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9 Military Sayings That Will Get You Laughed Out Of A Job Interview
Joining the military isn’t easy. Remember the days when you got off the bus (and I’m speaking from the enlisted perspective here) and walked into a swarm of yells and screams from big scary men and women? Worst of all, everything you did and everything you said was wrong. But it took courage, a fierce resolve, and the self-confidence to face the unknown.
And you know what? Entering the private sector is no different. Transitioning out of the military is about as smooth as entering into it in the first place because of the culture, acumen, and tradition that have been ingrained in you since day one.
Getting your foot in the door with a great company is a big deal, and you want to do your best to keep wedging it in and opening up that door even more. What you don’t want to do is give an interviewer any reason to say “no,” especially if they believe that you aren’t a cultural fit. So here are nine sayings to avoid while testing the waters of a new career.
1. “Roger that.”
Nobody knows what this means. Even worse, if your interviewer’s name actually is Roger then he’ll probably be waiting for you to explain what “that” is that you were referring to. Instead of “roger that,” a simple “yes” will suffice.
2. “Hooah/ Ooh-Rah/ Whatever the Hell else.”
While camaraderie and positive energy are good, leave the "hooah’s" at home. If you want to display enthusiasm, do so in a language that others can understand and that don’t sound like an involuntary grunt.
They’re not targets, they’re projects. Here’s a lesson from yours truly, so you don’t make the same mistake I did: Apparently, hearing the word “target” come out of a Navy SEAL’s mouth paints a completely different picture than the connotation I was implying (I believe my question at the time was, “what sort of people do you target for new hires?”).
Additionally, I was referencing past experience so naturally “targets” were things I executed (see below), but what I really should’ve said was projects.Target means target, and target out of a SEAL’s mouth means “dead bad guy.” Projects is more universal, less threatening, and something with which others can relate.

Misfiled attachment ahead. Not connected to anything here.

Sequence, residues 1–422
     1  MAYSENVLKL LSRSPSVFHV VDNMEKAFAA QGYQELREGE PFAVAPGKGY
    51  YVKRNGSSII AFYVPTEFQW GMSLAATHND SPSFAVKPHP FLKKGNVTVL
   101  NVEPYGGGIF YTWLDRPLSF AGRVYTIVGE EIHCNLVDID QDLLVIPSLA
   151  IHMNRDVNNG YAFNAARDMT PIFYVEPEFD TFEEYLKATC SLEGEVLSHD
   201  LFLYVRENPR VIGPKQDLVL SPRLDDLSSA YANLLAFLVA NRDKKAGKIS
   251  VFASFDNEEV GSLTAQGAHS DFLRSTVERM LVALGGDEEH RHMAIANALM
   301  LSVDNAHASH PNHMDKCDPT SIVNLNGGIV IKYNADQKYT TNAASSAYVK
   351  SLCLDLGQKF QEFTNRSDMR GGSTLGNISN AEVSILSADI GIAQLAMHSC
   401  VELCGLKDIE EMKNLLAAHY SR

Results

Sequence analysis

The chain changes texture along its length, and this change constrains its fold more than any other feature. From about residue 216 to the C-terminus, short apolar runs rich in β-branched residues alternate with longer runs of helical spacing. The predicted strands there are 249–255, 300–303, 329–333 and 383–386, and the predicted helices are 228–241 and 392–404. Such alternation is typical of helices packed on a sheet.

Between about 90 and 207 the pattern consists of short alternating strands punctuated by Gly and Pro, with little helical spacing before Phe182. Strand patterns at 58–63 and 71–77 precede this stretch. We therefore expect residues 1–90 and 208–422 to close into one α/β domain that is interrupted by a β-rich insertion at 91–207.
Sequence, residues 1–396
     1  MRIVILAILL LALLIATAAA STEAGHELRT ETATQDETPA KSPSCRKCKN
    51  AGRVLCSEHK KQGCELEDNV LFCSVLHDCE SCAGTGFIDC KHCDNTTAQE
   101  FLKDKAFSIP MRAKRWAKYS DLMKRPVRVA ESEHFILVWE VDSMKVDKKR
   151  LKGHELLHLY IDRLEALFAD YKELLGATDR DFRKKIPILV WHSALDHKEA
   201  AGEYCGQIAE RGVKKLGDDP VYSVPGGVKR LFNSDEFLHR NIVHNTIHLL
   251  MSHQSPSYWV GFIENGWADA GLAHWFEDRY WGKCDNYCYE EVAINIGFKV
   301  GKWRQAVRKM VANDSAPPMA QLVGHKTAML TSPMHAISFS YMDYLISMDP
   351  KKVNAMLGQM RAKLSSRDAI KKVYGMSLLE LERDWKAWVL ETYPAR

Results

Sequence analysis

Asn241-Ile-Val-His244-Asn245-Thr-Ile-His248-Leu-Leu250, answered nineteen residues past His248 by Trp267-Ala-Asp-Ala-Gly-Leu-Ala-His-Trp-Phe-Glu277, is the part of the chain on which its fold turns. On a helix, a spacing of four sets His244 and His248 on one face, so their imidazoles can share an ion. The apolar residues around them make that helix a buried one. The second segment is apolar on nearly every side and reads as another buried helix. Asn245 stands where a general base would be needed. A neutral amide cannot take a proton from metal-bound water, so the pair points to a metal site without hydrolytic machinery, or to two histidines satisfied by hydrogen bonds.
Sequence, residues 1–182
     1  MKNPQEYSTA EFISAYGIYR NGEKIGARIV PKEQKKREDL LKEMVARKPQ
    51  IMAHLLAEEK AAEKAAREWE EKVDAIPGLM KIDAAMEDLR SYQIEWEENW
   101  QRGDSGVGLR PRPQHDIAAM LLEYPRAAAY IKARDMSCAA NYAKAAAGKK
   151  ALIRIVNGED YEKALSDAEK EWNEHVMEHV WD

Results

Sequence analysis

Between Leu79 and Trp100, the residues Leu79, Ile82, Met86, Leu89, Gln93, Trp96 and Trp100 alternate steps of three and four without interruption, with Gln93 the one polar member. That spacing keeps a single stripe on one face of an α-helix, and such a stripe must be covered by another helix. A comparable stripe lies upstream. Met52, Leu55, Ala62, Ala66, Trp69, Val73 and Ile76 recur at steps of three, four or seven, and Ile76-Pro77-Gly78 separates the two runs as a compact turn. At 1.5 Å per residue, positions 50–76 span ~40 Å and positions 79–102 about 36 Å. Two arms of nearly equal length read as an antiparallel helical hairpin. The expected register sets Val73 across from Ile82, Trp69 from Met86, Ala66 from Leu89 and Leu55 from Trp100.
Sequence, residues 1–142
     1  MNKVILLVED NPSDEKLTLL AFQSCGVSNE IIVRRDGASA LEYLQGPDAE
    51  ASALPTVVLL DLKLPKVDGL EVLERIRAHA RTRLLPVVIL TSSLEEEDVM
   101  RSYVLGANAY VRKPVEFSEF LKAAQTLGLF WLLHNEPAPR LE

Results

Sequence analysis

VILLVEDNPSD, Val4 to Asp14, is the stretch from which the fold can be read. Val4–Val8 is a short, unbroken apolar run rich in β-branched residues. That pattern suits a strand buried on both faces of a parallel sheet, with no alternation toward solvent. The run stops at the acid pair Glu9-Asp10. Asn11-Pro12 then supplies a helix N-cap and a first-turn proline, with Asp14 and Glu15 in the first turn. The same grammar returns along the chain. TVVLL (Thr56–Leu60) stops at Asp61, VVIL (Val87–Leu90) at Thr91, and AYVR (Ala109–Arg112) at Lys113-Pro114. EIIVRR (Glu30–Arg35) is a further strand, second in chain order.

Along similar lines, hearing a service member say “execute” offers a completely different connotation than what is typically implied. Instead, substitute “execute” for “realize” or “carry out” because otherwise, you just come across as a blood-thirsty service member who — apparently — “executed” a lot during your military career.
Spell them out. Not just what an acronym means, but what it is and why it’s important. Assume that your interviewer has zero military acumen and you need to explain to him or her what an SOP (standard operating procedure) means. Yes, it’s that basic.
Business folk apparently do not relieve themselves over holes in the ground, Gatorade bottles, or PVC piping that leads into a pit of disgust — because that’s what latrine connotes. Bathroom or restroom works fine.
While you may be right, competition is the more popular term.
Maybe the worst of the acronyms you should already be avoiding, nothing good ever comes from FUBAR (fucked up beyond all recognition) — whether it comes out of your mouth or somebody else’s.
From the outside (read civilian) world, everybody in the military is a sergeant, lieutenant, or general. Be sure to offer the context behind what a sergeant is and more so, what his or her expectations were of you and how you fulfilled them. Also, try “supervisor” instead.
Remember, at the end of the day you want to speak to four things --- the situation, the challenge, efforts applied, and results achieved because of your efforts — in a language commonly shared. It’s not easy turning the military mindset switch to “off,” which is why perfect practice makes perfect.
Recommendation: Go through your evaluation or fitrep with somebody with zero military experience and see what questions they have. Chances are, the questions they have will be the very ones an interviewer asks.
There's nothing quite like finding out that the nifty little trinket you blew a paycheck on when you were a junior enlisted service member is actually worth three-quarters of a million dollars. (Take that every SNCO who ever gave a counseling statement on personal finances.)
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